City’s price stabilization program has positive impact on society

The Ho Chi Minh City’s price stabilization program has created beneficial ripple effects in society as it has helped to maintain steady prices of many staple goods as well as ensure food hygiene, quality and adequate supplies. 

Shoppers check out vegetables at a supermarket in Ho Chi Minh City (Photo: SGGP)

Nguyen Thi Hong, vice chairperson of the HCMC People’s Committee, stated this at a seminar on April 6, while reviewing the nine years of implementation of the program (2002-2011) and planning for the period 2011-2015.
 
She said the program has really become an important tool in the city to regulate prices effectively and practically. The program has proved its value in managing prices of essential goods at reasonable rates.
 
She added that thanks to the program, the city has been able to restrict and control speculation and unexpected price hikes, prevent counterfeit and poor-quality goods and to stabilize the market, especially during the entire New Year (Tet) season.
 
These dramatic results have not just had their impact within the city but other localities are now adopting them, she added.
 
She believed that the program has contributed to improving economic relations between the city and other localities.
 
The program has also facilitated implementation of the Politburo’s policy on prioritizing Vietnamese-made goods, as only locally made goods have been price-stabilized.  

In addition, the program has also helped participating companies to focus on investing in developing state-of-the-art technology to reduce production costs and enhance quality of their products.

She said the city’s enterprises have taken initiatives fearlessly and invested in supporting farmers in other localities to improve their produce for them.

She was also of the belief that the program has helped to cement a professional cooperation amongst the city’s market management agency and other functioning agencies.

Vice chairperson Hong said it was thanks to the program that the city’s consumer price index (CPI) has remained lower than the national CPI. The city’s CPI was 9.58 percent in 2010 while the national CPI was 11.75 percent. In March 2011, the city’s CPI was 4.89 percent while the national CPI was 6.12 percent.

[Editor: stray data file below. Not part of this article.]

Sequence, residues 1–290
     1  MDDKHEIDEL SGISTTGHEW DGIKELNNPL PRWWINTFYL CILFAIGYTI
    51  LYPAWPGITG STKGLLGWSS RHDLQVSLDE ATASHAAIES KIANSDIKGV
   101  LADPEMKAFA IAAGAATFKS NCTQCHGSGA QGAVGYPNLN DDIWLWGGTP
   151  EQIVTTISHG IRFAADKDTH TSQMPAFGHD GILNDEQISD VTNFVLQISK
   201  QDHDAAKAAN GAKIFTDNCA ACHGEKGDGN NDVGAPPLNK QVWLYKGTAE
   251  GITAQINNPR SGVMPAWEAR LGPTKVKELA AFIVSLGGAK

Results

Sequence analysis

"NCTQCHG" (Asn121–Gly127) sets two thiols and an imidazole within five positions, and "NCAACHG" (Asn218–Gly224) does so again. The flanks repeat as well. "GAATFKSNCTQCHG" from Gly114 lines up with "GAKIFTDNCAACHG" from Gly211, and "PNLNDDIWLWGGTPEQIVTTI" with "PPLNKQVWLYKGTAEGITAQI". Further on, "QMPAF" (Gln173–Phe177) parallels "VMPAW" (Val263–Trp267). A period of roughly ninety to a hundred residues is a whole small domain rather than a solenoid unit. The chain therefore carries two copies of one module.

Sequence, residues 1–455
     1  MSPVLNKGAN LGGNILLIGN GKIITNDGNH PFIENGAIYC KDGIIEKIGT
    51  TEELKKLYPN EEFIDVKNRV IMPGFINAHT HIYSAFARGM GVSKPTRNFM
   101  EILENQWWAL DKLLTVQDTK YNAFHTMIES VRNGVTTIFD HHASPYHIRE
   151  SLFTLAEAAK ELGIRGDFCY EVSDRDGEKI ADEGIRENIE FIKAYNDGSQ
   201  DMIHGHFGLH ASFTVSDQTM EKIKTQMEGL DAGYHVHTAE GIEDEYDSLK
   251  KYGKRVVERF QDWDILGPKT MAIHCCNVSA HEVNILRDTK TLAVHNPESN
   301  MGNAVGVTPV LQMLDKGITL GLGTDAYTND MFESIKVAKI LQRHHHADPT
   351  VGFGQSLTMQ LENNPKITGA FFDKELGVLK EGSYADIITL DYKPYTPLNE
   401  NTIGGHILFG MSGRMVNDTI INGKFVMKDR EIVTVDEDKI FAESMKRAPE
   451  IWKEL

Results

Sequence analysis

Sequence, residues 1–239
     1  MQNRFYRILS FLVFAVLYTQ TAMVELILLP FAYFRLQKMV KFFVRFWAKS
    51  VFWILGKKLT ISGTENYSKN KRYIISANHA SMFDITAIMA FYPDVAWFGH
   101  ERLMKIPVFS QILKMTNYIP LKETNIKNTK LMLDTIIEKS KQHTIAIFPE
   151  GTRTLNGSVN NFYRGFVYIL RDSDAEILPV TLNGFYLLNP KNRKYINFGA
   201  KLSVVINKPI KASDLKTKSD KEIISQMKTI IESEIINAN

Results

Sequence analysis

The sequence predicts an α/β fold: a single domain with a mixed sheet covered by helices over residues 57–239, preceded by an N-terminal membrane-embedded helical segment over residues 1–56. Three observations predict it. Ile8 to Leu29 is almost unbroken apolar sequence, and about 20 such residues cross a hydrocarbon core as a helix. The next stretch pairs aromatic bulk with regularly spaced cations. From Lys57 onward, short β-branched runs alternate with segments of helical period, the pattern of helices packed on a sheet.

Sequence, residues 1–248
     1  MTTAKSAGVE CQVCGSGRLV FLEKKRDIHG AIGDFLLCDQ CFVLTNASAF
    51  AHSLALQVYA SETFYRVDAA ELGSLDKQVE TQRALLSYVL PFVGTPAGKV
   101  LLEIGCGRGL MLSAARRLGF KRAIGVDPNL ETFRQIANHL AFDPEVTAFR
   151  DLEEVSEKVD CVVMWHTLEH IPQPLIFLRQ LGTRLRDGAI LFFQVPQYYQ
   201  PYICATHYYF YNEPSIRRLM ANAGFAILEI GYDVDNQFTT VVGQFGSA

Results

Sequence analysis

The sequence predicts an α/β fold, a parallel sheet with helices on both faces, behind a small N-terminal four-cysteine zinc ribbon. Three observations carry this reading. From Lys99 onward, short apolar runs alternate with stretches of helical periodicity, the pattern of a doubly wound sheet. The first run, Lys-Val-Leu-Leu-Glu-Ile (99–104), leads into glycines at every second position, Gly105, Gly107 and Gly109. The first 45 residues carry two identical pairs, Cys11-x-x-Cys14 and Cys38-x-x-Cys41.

Improving the program
 
The program will continue to assist and encourage enterprises to expand their production and distribution systems, improve production technology and product quality, reduce business and production costs and lower cost prices, Ms. Hong said, adding that the assistance and encouragement was aimed at having more essential consumer products of high quality and good hygiene standards at reasonable prices.
 
To meet the country’s target of curbing inflation and ensuring social welfare in future, the program will concentrate on three consumer groups, food, drugs and education tools.
 
The city will continue to develop distribution systems, especially in traditional markets, industrial parks, residential areas and strengthen management of goods supplies, quality and prices, Ms. Hong said.
 
At the seminar, participating enterprises pledged to continue to identify themselves with this significant program.
 
Nguyen Thi Hanh, general director of the city-based retailer Saigon Co.op, said her company would increase the total number of supermarkets to 100 from the current number of 50 and the total number of retail points to 200 by the end of 2015, to provide essential goods to workers in industrial parks and low-income earners in remote areas.
 
Van Duc Muoi, general director of the food maker Vissan, promised to maintain development work and distribution networks, constantly ensuring food hygiene.  
 
Ho Thi Kim Thoa, deputy minister of Industry and Trade, said the city should focus more on measures to stockpile goods and allow more enterprises to join the program to avoid labeled as “privileged”.
 
Nguyen Xuan Phuc, minister and chairman of the Government Office, said the city’s price stabilization program is appropriate to the current situation and requirement.
 
However, he said, for the program to prove its efficiency, the city should continue to perfect its price stabilization mechanism to ensure that goods can also reach low-income laborers.

In addition, the city needs to raise its price stabilization fund, keep a close watch on the market and monitor prices more tightly to ensure that price-stabilized goods will always be 10 percent lower than market prices, Mr. Phuc added.

By staff writers – Translated by Hoang Yen

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